KwaZulu-Natal cabinet says decision to take over Uthukela Water in 'best interest of poor people'
A legal battle is looming between the KwaZulu-Natal government and the three municipalities that run the embattled Uthukela Water after the provincial cabinet resolved last week to take over the running of the water entity.
The decision has left the three municipalities - Umzinyathi and Amajuba district municipalities and Newcastle local municipality - livid.
They said they will not let the matter go unchallenged.
A fuming Amajuba district mayor, Mkhulu Mlangeni, said yesterday during a tense meeting held in Dundee that they would take a legal route against Mike Mabuyakhulu, the KwaZulu-Natal housing MEC "if need be".
He said they were not satisfied with Mabuyakhulu's approach to the matter.
"He is partly right to say that people were complaining about the lack of water supply.
"But at the same time he is not that correct because we had come up with some turn-around strategies on this matter," said Mlangeni.
He said they were also not satisfied with Mabuyakhulu's announcement that he was taking over their 100percent shareholding in Uthukela Water as of last Wednesday.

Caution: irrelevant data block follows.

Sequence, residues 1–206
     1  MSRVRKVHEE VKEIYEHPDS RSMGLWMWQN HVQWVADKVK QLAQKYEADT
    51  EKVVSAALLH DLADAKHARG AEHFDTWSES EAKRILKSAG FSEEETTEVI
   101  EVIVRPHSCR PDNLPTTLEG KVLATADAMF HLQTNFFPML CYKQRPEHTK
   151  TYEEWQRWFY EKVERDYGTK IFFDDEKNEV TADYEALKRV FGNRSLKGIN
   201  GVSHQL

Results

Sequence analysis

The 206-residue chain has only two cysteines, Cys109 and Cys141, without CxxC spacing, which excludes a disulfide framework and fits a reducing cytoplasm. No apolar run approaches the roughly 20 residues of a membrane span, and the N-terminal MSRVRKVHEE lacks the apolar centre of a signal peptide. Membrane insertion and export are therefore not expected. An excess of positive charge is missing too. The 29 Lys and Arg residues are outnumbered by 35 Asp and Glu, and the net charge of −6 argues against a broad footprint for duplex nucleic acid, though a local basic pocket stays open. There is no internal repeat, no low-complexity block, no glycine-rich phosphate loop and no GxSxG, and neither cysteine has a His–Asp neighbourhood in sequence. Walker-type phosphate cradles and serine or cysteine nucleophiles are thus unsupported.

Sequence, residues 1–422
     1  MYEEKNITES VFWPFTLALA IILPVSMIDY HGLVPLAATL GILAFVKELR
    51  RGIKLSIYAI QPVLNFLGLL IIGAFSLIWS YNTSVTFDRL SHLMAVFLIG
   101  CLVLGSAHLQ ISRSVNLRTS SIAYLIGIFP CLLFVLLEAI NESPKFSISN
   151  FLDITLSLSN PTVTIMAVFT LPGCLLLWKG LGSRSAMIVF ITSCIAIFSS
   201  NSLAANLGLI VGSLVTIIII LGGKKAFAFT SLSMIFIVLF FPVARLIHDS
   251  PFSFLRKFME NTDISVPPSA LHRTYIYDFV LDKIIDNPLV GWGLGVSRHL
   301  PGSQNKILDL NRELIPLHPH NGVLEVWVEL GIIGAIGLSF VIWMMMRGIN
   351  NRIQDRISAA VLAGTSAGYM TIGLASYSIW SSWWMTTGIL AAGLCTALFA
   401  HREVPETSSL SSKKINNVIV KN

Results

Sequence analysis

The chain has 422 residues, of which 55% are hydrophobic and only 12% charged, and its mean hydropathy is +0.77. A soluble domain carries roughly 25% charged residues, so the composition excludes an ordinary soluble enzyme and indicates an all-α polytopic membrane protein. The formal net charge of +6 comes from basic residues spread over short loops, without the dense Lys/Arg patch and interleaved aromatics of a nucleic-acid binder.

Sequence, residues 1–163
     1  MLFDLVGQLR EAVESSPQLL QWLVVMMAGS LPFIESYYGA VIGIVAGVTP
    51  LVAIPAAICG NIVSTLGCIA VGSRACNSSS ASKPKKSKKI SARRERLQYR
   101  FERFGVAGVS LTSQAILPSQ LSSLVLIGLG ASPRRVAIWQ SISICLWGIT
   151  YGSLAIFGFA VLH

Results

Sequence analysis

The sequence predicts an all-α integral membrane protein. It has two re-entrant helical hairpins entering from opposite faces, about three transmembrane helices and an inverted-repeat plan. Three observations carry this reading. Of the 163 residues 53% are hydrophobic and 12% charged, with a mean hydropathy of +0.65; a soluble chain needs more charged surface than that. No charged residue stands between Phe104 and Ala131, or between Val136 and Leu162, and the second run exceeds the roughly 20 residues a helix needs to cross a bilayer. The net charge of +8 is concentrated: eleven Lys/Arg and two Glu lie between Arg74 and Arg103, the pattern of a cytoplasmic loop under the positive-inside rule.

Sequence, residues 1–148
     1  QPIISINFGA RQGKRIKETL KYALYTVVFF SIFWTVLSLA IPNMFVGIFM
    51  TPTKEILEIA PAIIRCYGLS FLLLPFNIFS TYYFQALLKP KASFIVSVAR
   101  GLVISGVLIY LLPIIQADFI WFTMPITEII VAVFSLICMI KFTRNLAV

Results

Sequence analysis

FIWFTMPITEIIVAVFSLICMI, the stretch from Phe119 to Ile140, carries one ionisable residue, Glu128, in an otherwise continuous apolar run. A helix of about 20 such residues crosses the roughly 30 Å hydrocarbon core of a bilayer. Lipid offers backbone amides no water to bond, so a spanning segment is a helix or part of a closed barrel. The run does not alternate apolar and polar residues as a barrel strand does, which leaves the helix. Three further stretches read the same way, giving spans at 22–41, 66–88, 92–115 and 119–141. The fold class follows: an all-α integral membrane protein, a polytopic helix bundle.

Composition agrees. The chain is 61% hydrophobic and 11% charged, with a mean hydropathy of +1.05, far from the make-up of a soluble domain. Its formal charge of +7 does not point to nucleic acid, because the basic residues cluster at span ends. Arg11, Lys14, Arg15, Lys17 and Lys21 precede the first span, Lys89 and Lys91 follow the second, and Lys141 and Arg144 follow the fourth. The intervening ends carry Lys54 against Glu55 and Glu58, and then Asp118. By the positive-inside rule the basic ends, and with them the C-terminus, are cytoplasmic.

"Since his announcement that he was taking over, there has not been any manpower or financial aid or a team of people with expertise in the industry brought forward," Mlangeni said.
"As shareholder municipalities we are still providing water to our people, so what is he doing?"
Mlangeni said the moment complaints arose from the people they had launched their own investigations and some board members were suspended.
This showed their capabilities and willingness to deliver water services, but has not been taken into account by Mabuyakhulu, he said.
"Our legal advisers are looking into the matter and they will advise us of the next step to take once they are done with studying the decision," Mlangeni said.
"But we will not take it lying down," he said.
On Monday, Mabuyakhulu announced that he was taking over the running of Uthukela Water because the three municipalities had failed dismally in their obligation to provide basic water and sanitation services to their communities.
He also said that his department had received a memorandum from residents, rate payers, workers, businesses, churches and non-government organisations protesting against exorbitant water tariffs and lack of service delivery.
Mabuyakhulu's spokesman, Lennox Mabaso, said the three municipalities can go to court if they want to, but maintained that they still stood by their decision.
"The entity has been limping from one disaster to another and we couldn't wait," he said.
"The decision taken was rational and in the best interest of the poor people.
"The issue had been around for far too long and we had to act," said Mabaso.